No Sense Putting It Off

The evidence is actually pretty clear.  Kids are significantly (and unfairly) disadvantaged (to use a euphemistic word for “hurt”) when they don’t have positive, consistent, reliable, present fathers.  The absence of fathers causes confusion, distress, distorted relationships, and large-scale societal breakdown, in addition to such a wide variety of other effects as to be staggering.

Non-partisan groups and even those partisan groups who are normally inclined to disagree with each other, all agree about this.  The research is overwhelming trending toward sickening.  It’s important to be clear too, that the research specifically discusses the involvement of a male parent, rather than a merely androgynous second parent, a void which could be filled by either sex.

Presumably something similar could be said about the necessity of a female parent, but discounting those women who neglect/abuse/murder their children, women are less inclined to be deadbeats.  That is to say, it’s significantly less likely that children would grow up without mothers, so there isn’t as much evidence for the negative impacts of not having a mother.  Thankfully, I think every person on the planet is willing to grant that mothers are important.  No one wants to find out what would happen without them.

Unfortunately, as I’ve already said, we as a society are almost eager to find out what will happen if we eliminate fathers.  We may say otherwise, but our actions betray us.

I digress.  Back to the overwhelming evidence that children need fathers, combined with the assumption I think we’ll all happily grant, that children need mothers.  Even more research suggests the rather obvious fact that children are best served when their fathers and mothers have a healthy relationship with each other.  In fact, once you add the weight of research about the damaging effects of divorce, it’s pretty clear that children’s best hope is to have mothers and fathers who have a consistent and reliably healthy relationship with each other over the course of the child’s entire development.

There’s not really anything shocking about any of this.  I mean, it’s shocking that we’ve let the problem get to the point that we have, but it isn’t shocking that the problem exists, and nobody significantly disagrees about its causes.

What’s more shocking is what we do about it.

Let me put this bluntly.  All the evidence clearly indicates that children are hurt if they don’t grow up in a committedly monogamous heterosexual family, and that society follows them into distress.  We respond by ignoring that entirely and hoping for the best.  Of course there are situations where the ideal isn’t possible; I’m not trying to criticize people if their situation is imperfect.  I’m criticizing all of us for accepting the lie that the ideal isn’t necessary or helpful.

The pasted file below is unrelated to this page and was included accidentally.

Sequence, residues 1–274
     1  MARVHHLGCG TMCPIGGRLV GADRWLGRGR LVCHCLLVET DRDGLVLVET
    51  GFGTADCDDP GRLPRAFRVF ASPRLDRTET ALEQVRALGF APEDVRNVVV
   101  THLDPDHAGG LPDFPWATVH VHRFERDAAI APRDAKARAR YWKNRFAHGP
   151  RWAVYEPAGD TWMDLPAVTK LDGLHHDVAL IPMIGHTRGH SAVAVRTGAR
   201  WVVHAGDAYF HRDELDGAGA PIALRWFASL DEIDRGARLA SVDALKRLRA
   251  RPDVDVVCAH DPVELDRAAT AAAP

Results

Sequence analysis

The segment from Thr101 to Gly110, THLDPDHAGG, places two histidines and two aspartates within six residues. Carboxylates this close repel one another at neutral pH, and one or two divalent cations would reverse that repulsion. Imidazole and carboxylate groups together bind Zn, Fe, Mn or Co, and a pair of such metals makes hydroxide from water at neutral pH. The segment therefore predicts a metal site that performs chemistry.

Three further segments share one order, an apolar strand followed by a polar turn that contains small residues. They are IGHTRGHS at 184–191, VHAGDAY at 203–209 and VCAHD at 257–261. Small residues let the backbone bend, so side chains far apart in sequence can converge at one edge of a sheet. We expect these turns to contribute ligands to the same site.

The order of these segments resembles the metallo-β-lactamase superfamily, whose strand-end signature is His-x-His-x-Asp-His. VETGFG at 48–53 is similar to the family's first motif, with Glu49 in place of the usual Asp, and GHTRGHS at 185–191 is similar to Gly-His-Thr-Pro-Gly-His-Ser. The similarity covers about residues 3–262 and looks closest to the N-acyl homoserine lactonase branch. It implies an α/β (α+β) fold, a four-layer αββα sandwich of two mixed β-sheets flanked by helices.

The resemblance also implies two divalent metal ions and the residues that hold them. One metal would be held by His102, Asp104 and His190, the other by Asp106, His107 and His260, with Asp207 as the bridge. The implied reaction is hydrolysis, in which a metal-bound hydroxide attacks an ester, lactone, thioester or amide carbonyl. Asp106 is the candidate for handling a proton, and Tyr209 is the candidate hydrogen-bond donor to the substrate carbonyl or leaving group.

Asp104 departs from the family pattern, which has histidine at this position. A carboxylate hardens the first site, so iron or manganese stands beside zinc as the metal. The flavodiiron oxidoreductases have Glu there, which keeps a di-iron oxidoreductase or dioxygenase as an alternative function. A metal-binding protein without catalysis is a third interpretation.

The results are in:  denial isn’t working.  We have too many contradictory commitments.

We want men to be fathers, but we don’t want to offend women by suggesting that men are in any way capable of doing or being something which they (women) cannot do or be.  In fact we want to avoid any suggestion that there’s a difference between them sufficient to perhaps treat them differently. We certainly don’t want to suggest that the women who are mothers might in any way need the men who are fathers.

The collapse of fatherhood is exactly the product of those second commitments though.  To be blunt again, for a hundred years feminists have said that they don’t need men, that they can do anything men can do, that there is nothing special or unique about being a man.  Should we be surprised that so many men have listened?  That so many men have left women to fend for themselves, have left women to do what men ought to do, have stopped believing that they have anything special to offer.

We want children to see healthy relationship between their mothers and fathers, but we don’t want to believe that men and women might both have unique and important contributions to relationships. We want children to have families, but we don’t want to offend anyone by suggesting that they curtail their sexual impulses until they’re in some way committed to their partner.

I could go on, but I’m out of time again.  It’s pretty clear which of the contradictory commitments we favor.  The question remains: how long will we keep trying to preserve the helpful things our commitments won’t allow?  How long will we delude ourselves into thinking that maybe we can preserve social institutions which we’ve entirely gutted, like fatherhood and family?  How long until we accept that all of our supposed liberations are in fact the problem we face?

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